“A lot of the country music in Europe is imitative of the American. There are lot of fans and lot of experts in Europe who will only listen to American country music; they reject any kind of local production. But what’s interesting to me is the way that local societies, particularly in the Czech Republic and Germany have developed their own country music. Here you make the distinction between Czech country which is sung in Czech for a Czech audience. This was imposed under communism when to perform publicly, you had to perform in Czech, and the early bands, who took English names, like the Greenhorns and Rangers in the 1960s, had to change their names even to Czech ones. So there was a real Czech genre created of Czech country and especially bluegrass has become very popular. Yes, there is the American aspect to it but there is also the type of music that is very local. And that I find fascinating.”
My parents had an album by one of the most famous Czech country musicians, Michal Tučný, which he recorded with American singer Rattlesnake Annie. Why would an American singer come to communist Czechoslovakia in the 1980s?
“I think Rattlesnake Annie came here on an invitation, and she and Michal Tučný just simply clicked. They performed together, they got along very well and she began a career over here. She was recognized, she toured not just Czechoslovakia as it was but she also played in East Germany and West Germany; she played with a lot European country music acts. She wasn’t the first but she was one of several American artists who made their careers in Europe. The most famous, or infamous, was Dean Reed, who sang a sort of rockabilly, rock, country songs and also appeared in the East German wild west films. But Rattlesnake Annie was unusual because she did this in the communist block. Year before last, which would have been the 60th birthday of Michal Tučný, the country Fontána Festival was held to honour that date, and Rattlesnake Annie came back and sang the duets that she used to sing with Michal Tučný, she sang them with contemporary Czech artists like Petr Kocman and others. It was a very moving moment and the crowd just went wild.”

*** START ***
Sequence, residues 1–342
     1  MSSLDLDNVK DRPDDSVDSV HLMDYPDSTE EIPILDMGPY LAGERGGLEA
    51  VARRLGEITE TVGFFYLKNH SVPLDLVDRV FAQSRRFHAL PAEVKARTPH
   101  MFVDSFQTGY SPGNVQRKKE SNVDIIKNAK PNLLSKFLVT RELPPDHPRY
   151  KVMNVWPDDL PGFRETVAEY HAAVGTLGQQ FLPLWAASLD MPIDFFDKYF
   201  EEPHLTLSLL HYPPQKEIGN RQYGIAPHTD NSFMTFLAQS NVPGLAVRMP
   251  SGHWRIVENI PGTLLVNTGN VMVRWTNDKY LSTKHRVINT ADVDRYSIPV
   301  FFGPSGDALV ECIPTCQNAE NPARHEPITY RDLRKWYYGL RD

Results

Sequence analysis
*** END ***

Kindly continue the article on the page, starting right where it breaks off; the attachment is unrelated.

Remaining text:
You helped translate several songs by the Czech bluegrass band Druhá tráva into English. The band regularly tours the US – how are they received over there?
“They have a following in the United States. They are known and since 1994 until the year before last, they were touring every summer for as long as two months at a time, 40 gigs all over the country. They have been profiled in the media, on the National Public Radio, and other places. It was interesting – I was able to catch their concert near Los Angeles in 2007. I really wanted to hear how they would perform in front of an English-speaking American audience. The main difference was that they sang more songs in English and fewer songs in Czech, but they did sing songs in Czech. And the audience just ate it up. It was really a rapt audience. What was also very interesting was that at the end of the show, the owner of the coffee house did not let them get off stage because he wanted to know how come there is a bluegrass band and bluegrass in the Czech Republic. How did they get interested in it, what is this all about? Because even that coffee house owner, who had hired them and booked them, and loved them and there were people in the audience who had seen them over and over again whenever they were in the area, even he couldn’t figure it out. It was such a strange thing for him. So they had to stand on stage and answer these questions, and it was really a scene, really interesting, really sort of wacky.”